“As part of the sales process, we approached other supermarket groups to gauge their interest in back filling the space and we’re talking to a couple of groups.

The 8491 square metre shopping centre returns $1.48 million a year in rent from 18 specialty shops and a host of mini-majors including Mitre 10, Target Country and Ian Marks Liquor.

The deal reflected a yield of just over 8 per cent although it’s closer to 5.11 per cent if the Coles proportion of the income is excluded.

Elsewhere in regional Victoria, local private investors edged out off-shore investors to buy two IGA supermarkets on very sharp yields around 6 per cent.

The IGA in Hamilton, in the Western District, fetched around $3 million and was part of the freehold portfolio controlled by Alan Fisher, who last year sold his portfolio of country supermarkets to Ritchies. It has a new 15-year lease.

The Kyabram IGA is understood to have sold for around $4.2 million. The deals follow the recent sale of the Nagambie IGA, to a Chinese buyer, for $8 million.

The deals were struck by CBRE agents Joseph De Rieu and Justin Dowers who received nine formal offers.

“The IGA in Hoppers Crossing was sold this year at 5.3 per cent and the one at Wantirna South was done at 5.5 per cent so the Hamilton store is only 50 basis points behind them – that’s not a big difference,” Mr De Rieu said.

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DEXUS Property forecasts solid rental growth

CBD office rents are rising as incentive deals are declining. Photo: Michele MossopDEXUS​ Property, the country’s largest office landlord, says demand for office space is on the increase and that has led to a fall in the average rental incentives being offered to tenants.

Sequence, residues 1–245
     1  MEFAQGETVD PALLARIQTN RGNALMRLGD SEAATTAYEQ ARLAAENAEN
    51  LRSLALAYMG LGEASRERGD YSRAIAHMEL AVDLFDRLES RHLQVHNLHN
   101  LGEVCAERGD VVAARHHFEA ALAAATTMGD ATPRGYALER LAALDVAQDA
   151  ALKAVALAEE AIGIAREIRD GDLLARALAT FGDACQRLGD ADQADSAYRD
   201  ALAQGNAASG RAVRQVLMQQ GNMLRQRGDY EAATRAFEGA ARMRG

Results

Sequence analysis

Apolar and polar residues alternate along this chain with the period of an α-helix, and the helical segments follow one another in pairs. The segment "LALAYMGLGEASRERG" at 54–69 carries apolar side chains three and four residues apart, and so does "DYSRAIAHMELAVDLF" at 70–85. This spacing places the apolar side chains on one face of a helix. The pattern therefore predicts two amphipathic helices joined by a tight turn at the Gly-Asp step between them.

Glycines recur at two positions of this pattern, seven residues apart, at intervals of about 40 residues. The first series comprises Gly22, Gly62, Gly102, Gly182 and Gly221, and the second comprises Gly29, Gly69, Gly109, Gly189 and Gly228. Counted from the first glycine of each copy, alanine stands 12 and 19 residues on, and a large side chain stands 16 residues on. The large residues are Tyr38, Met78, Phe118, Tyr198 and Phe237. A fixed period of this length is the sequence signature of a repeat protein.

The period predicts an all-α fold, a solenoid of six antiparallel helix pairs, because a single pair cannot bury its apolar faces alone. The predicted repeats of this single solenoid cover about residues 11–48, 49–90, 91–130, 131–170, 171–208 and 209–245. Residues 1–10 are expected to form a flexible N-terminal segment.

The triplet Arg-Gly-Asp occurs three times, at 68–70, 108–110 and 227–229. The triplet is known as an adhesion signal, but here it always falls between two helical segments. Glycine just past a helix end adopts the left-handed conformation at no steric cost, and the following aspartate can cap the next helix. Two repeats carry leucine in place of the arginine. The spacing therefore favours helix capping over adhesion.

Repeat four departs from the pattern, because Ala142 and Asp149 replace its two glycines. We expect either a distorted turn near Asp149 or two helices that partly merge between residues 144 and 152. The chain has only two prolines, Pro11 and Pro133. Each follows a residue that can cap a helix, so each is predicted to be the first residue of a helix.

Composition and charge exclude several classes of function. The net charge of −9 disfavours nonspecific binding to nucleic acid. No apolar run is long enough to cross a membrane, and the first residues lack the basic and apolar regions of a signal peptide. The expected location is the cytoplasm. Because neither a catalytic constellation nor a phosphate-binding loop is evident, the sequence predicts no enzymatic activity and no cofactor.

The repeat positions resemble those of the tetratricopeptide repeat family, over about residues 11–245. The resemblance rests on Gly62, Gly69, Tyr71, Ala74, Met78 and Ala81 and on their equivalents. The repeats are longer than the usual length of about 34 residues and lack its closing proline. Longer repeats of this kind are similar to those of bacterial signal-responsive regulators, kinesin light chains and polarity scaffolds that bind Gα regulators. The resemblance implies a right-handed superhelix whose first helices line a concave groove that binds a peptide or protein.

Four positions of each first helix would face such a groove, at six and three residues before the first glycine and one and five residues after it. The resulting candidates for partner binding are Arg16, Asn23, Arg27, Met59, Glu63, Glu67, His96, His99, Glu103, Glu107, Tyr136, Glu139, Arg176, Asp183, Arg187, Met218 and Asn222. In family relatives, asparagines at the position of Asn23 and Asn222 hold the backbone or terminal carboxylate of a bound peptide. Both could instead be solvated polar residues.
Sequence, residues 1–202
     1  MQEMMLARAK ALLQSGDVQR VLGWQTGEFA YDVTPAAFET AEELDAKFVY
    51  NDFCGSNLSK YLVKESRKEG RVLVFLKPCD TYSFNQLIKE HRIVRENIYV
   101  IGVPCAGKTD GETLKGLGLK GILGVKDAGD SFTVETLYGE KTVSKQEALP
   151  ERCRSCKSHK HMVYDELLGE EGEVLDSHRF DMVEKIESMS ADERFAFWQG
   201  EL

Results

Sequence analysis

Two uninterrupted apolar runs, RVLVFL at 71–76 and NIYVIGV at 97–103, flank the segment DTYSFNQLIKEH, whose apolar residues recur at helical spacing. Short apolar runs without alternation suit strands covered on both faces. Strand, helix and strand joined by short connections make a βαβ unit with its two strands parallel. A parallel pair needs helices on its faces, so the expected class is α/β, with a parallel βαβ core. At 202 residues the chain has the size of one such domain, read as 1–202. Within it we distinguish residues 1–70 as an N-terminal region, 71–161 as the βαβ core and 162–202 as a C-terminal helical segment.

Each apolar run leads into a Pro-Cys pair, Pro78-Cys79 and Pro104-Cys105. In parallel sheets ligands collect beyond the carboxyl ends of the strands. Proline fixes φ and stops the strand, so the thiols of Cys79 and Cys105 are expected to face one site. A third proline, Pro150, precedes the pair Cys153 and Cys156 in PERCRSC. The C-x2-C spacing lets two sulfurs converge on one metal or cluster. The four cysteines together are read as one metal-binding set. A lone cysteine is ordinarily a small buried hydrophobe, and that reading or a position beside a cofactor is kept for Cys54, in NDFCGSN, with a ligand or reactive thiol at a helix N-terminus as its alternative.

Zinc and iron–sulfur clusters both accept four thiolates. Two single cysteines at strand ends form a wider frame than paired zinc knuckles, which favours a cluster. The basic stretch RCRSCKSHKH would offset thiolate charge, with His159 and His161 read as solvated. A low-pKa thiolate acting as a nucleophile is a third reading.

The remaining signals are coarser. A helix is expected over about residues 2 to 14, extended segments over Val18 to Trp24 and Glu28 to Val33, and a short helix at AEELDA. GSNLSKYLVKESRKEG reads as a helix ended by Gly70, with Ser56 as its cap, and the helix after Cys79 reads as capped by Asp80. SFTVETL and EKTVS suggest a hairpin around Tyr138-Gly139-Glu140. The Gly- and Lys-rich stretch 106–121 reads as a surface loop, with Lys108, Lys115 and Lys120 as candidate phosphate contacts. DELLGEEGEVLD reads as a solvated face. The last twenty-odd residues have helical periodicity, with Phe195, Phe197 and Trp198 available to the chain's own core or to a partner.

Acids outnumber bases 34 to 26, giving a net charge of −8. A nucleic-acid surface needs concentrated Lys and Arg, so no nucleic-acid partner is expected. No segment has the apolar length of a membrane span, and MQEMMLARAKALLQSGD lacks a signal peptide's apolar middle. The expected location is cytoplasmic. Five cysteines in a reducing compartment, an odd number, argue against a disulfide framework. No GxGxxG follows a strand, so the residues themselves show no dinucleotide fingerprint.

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Further endorsing the tight market for tenants is an expected increase in demand from small to medium businesses who are keen for a city address and seemingly willing to pay the higher charges.

DEXUS’ executive general manager, office and industrial Kevin George said one example is the new leases in Governor Phillip Tower, where net effective rents have increased by 20.4 per cent.

In the group’s first-quarter update Mr George said DEXUS has “our overall average incentives fall across the portfolio, driven by some properties which are in high demand and as a result have achieved solid growth in rents and reduced incentives at these properties”.

Over the quarter the key leases have been at its 30 The Bond, in Sydney, where Lendlease​ vacated to Barangaroo with the Roche group taking up 4418 square metres of the space available space.

Mr George confirmed the group’s forecast that office vacancy in Sydney’s premium-grade assets would fall to about 4.2 per cent in the 2018 financial year.

In Melbourne there has also been a solid rise in leasing activity from a variety of smaller space users, which has resulted in a significant amount of leasing activity with over 158,000 square metres of space being leased and occupancy improving from 90.4 per cent at June 30, 2016 to 92.3 per cent in only three months.

The industrial sector is also riding high with activity for the next quarter expected to continue in the small to medium-enterprise category.

“This activity is aligned to the food-processing and material-handling automation sectors seeking central west solutions in Sydney. Various negotiations are also under way within south-east Melbourne involving tenants from the education and wholesale retail sectors for both metro office and warehousing space,” he said.